No. 2 has hosted two U.S. Opens (1999 and 2005), the 1936 PGA Championship, 1951 Ryder Cup Matches, two PGA Tour Championships, one U.S. Senior Open, two U.S. Amateurs and, in June 2014, will host its third U.S. Open and first U.S. Women’s Open in consecutive weeks. Warning — my 1996 and 2013 visits were also in June, so hopefully thunderstorms won’t affect next year’s championship fortnight, when a completely different looking No. 2 will be officially unveiled to a worldwide audience which remembers the course as wall-to-wall green, with diabolical crowned, undulating putting surfaces and green complexes serving as stout defense to the world’s top players.

 No. 2 is now classic
golf at its finest.

That course is history. No. 2’s year-long, $2.5-million Coore/Crenshaw project restored the layout to Ross’ original 1907 design (based on 1940s aerial images), reopening to high acclaim in March 2011. The main change was the removal of all rough — about 35 acres of turf — and the reintroduction of natural sand/hardpan areas, natural bunker edges and 100,000 native wire-grass plants to instead corral wayward shots. Almost 700 sprinkler heads were removed, leaving about 450 operating heads along the single, center water irrigation line that defines fairways, but leaves other areas to Mother Nature’s devices.

The firmer, faster fairways’ widths were increased by about 50 percent on average (though the natural rough is being grown in to narrow the fairways by 2014’s double Opens); the course’s U.S. Open tee length was stretched to 7,485 yards (it measures 6,930 yards from the blues); greens were sodded with A1/A4 bent to better tolerate the southern summer heat; bunkers were either restored, eliminated or reshaped; and minor tweaks were made to the 15th and 17th greens to regain lost pin placements.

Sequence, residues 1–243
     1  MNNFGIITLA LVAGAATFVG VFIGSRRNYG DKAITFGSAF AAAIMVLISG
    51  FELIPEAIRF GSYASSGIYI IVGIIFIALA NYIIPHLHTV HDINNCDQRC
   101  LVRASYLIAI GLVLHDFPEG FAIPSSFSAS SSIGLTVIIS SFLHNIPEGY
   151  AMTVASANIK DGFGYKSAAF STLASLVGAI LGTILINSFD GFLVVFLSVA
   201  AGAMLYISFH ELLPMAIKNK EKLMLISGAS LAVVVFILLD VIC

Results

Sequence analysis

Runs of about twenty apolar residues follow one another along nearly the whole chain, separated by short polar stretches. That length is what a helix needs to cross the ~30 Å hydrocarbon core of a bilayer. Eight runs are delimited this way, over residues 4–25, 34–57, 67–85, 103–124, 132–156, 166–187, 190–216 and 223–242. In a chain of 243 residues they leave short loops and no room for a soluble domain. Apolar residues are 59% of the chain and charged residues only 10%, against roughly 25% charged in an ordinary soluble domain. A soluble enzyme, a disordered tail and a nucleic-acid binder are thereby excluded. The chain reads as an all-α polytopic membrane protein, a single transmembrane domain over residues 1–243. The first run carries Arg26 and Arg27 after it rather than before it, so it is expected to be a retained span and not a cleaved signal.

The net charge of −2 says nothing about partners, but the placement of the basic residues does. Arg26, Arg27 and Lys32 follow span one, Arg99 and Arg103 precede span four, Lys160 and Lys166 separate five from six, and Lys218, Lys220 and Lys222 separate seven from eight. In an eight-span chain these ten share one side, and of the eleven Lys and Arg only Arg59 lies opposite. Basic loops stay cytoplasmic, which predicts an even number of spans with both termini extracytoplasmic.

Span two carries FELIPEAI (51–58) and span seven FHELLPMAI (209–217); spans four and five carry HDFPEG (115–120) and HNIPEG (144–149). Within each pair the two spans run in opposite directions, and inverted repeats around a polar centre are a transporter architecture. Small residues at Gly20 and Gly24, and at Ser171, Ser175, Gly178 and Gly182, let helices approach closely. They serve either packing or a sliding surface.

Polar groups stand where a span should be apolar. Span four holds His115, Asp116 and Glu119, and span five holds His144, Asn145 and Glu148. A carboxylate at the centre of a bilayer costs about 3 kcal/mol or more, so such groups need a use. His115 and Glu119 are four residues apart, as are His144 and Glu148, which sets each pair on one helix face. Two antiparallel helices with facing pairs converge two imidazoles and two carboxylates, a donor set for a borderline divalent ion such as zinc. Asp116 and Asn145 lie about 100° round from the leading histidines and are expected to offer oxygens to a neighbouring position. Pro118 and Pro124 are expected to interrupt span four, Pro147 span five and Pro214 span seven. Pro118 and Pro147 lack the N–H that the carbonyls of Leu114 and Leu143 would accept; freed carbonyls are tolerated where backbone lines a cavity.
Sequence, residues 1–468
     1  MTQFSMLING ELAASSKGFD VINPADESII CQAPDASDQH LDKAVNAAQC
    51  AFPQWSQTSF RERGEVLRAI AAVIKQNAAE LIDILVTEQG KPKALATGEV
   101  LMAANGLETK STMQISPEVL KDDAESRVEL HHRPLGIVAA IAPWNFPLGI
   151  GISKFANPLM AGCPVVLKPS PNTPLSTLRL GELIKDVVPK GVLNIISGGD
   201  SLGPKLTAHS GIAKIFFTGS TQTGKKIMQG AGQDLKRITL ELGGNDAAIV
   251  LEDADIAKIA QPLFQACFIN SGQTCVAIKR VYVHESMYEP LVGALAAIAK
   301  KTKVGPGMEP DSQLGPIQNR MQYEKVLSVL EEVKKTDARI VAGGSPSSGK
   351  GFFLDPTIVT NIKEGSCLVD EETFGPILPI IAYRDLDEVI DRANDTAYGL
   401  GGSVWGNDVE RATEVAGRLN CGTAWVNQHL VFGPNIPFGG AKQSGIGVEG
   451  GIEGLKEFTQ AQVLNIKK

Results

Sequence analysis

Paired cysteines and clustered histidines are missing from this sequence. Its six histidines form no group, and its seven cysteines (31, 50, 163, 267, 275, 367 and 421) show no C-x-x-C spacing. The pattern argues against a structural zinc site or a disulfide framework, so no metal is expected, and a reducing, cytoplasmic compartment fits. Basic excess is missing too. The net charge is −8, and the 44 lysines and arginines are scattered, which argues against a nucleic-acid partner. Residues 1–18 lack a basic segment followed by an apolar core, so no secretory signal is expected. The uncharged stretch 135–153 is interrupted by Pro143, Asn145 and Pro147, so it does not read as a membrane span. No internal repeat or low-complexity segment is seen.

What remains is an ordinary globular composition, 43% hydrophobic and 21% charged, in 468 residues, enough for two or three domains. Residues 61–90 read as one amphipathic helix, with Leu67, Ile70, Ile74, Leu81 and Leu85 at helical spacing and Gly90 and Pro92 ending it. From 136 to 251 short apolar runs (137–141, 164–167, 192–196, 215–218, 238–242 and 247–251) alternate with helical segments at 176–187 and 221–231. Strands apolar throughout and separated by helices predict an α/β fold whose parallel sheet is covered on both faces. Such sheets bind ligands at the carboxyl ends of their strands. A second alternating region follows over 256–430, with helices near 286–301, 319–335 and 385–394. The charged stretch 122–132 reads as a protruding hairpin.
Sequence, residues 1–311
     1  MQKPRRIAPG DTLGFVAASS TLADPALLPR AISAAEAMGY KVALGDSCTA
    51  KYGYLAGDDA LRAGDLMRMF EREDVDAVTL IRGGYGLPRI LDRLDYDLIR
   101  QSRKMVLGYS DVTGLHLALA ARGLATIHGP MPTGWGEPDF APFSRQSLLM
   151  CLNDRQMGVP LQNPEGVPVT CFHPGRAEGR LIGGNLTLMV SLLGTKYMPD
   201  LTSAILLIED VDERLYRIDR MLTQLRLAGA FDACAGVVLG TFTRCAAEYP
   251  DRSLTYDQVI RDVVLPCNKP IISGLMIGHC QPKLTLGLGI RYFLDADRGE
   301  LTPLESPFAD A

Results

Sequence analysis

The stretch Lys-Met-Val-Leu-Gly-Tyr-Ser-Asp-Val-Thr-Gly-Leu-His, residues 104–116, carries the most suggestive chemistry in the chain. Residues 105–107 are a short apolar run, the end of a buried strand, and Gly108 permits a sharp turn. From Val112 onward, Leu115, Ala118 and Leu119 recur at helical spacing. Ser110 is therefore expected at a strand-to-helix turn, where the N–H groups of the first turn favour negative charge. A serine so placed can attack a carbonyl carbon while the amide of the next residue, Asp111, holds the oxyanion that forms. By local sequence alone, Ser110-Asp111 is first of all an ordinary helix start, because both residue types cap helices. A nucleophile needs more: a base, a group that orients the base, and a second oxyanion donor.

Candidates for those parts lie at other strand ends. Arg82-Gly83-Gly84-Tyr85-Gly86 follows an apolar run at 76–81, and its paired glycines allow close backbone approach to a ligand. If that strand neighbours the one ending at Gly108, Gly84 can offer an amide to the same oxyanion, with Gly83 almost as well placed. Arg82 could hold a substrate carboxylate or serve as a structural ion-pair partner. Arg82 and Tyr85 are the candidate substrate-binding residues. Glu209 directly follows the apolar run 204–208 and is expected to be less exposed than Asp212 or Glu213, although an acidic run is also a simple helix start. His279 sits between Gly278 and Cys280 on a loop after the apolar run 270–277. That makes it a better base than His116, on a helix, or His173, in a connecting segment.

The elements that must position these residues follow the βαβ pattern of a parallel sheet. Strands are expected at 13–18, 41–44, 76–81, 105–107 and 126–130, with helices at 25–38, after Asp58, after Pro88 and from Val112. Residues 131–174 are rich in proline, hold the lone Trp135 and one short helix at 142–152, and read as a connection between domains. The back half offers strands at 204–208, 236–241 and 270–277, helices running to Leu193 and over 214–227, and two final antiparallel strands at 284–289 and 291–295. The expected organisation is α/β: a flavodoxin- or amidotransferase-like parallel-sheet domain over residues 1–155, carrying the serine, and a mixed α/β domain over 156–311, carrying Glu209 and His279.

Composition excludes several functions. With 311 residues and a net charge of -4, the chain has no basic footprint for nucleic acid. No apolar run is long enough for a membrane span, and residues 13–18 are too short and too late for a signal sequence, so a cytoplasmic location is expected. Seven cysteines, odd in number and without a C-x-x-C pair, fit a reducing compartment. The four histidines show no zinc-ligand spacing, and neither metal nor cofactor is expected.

Pinehurst No. 2 course, hole #17.

No. 2 is now classic golf at its finest. During my 1996 stay, the course was closed for maintenance, but I walked several holes and, quite frankly, found the course aesthetically similar to dozens of other courses I had played, aside from the wild green complexes. In other words, I wasn’t exactly wowed on that first casual date.

Fast-forward to 2013, two years post-renovation. Consider me impressed with the second date with No. 2. Very impressed. No. 2 has become an absolute gem and deserving of its No. 40 spot on Golf Digest’s “America’s 100 Greatest Golf Courses 2013-2014” ranking and No. 7 place on the publication’s “America’s 100 Greatest Public Golf Courses 2013-2014” ranking.

My caddie, Sean, expertly guided me around historic No. 2, starting with a dash to a pine-covered shelter to the right of the first fairway when a five-minute-long torrential downpour (sans lightning) struck as we approached the green. He also led the way on our shortcut-sprint from the 10th fairway across several holes and through pine forest to the Pinehurst Golf Academy building for a 45-minute respite from a sudden monsoon-accompanied thunderstorm.